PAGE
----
Companies often have to use estimates to determine their overhead costs. That's because they don't know what the actual costs are until they come in. In order to determine their overhead, companies divide the total budgeted overhead costs divided by the total budgeted production base. This requires an adjustment at the end of the accounting period to make up for any difference between the predicted and actual costs.
This can be problematic, especially when companies use very conservative estimates to predict their costs. Doing so may throw off their balance sheets because the actual costs may be higher at the end of the reporting period or if costs fluctuate.
Rate of Absorption FAQs
What Is the Formula for Absorption Rate in Real Estate?
To find out the absorption rate in real estate, divide the total number of homes sold in a specific period of time by the total number of homes available in that market.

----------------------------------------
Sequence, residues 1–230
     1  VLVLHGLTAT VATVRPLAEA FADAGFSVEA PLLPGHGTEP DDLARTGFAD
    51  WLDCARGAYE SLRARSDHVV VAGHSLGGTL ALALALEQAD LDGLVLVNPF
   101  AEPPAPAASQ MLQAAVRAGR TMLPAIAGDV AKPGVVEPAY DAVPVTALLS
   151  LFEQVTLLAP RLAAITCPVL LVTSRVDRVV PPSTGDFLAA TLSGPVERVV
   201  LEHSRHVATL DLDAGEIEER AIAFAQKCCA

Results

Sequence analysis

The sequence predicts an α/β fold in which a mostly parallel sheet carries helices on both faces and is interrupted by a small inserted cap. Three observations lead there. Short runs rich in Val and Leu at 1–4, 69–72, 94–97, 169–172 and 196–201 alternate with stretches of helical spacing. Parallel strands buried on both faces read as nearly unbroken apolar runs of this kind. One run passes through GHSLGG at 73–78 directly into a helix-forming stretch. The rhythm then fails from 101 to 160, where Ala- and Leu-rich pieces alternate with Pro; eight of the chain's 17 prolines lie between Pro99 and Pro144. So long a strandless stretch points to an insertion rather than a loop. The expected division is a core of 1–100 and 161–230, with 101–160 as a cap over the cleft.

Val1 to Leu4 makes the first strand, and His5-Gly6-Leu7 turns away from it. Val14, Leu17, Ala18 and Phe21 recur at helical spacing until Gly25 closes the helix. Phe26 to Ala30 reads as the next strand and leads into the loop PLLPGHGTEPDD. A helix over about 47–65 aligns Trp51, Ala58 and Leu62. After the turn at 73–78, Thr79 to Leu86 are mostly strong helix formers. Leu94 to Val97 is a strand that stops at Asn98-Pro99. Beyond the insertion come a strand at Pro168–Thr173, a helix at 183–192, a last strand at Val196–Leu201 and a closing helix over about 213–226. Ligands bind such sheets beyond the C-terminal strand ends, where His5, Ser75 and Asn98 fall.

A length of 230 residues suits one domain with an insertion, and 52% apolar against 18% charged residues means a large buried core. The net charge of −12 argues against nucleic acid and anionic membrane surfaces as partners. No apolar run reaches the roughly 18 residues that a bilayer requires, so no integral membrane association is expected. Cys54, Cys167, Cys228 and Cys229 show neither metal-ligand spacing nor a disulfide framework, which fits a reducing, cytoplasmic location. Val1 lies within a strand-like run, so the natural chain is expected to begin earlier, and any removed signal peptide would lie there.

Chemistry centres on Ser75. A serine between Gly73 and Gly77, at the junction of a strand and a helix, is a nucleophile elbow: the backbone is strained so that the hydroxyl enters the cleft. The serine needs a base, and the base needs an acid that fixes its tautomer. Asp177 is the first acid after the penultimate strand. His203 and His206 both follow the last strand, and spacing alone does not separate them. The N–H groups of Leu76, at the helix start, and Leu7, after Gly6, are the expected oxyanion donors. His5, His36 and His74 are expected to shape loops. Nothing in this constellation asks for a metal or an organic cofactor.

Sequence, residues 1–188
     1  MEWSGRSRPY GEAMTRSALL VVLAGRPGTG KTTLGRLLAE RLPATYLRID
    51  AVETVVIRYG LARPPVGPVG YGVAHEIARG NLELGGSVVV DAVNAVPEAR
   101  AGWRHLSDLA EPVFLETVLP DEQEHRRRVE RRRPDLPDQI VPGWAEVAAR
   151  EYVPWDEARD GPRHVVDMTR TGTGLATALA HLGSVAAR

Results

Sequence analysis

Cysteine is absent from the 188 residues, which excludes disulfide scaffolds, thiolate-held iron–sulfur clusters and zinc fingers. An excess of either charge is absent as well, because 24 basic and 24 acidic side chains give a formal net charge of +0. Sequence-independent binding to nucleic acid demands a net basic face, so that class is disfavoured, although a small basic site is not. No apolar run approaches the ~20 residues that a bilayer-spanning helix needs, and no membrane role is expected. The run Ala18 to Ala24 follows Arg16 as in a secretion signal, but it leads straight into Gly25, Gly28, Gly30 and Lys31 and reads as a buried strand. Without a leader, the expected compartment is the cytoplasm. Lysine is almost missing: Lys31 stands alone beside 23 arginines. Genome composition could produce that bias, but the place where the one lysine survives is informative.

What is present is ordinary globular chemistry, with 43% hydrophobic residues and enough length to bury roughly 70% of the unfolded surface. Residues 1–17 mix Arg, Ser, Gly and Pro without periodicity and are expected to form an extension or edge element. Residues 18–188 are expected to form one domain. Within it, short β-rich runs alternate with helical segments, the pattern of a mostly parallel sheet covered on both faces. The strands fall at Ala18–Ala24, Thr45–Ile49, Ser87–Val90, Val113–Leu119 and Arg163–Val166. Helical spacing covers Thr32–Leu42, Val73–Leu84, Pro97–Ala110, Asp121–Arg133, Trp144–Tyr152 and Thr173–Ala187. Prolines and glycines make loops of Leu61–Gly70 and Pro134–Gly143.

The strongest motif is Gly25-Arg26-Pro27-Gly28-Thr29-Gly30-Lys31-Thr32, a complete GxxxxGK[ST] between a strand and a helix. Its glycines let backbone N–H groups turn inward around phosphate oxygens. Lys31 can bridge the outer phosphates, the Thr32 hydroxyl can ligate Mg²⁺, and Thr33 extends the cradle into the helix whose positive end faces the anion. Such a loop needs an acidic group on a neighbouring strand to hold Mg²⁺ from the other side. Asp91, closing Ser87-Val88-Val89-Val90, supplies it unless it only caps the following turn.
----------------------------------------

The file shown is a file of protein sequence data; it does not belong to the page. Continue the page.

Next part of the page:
What Is a 6-Month Absorption Rate?
Absorption rates indicate how long it takes to sell homes in a given market. A six-month absorption rate indicates a balanced market, so buyers and sellers equally benefit during this environment.
What Does an Absorption Rate of 7 Mean?
An absorption rate of seven—and anything higher—indicates a buyer's market. This means that prices are generally low, supply is tight, and demand is high.
How Do You Calculate a Monthly Absorption Rate?
In order to determine a monthly absorption rate, take the total number of homes sold in the market and divide that by 12.
The Bottom Line
The absorption rate is a very important metric used in the real estate and accounting industries. Realtors use it to determine how many homes are sold in a particular area at any given time. These professionals can also use the rate to determine the kind of market they are facing, whether that's a buyer's, seller's, or a balanced market. This rate is also important for the construction industry, as it indicates when developers should start buying. Equally important is how this rate is used in the accounting field—notably for companies to estimate their overhead. You can use the formulas above to determine these rates.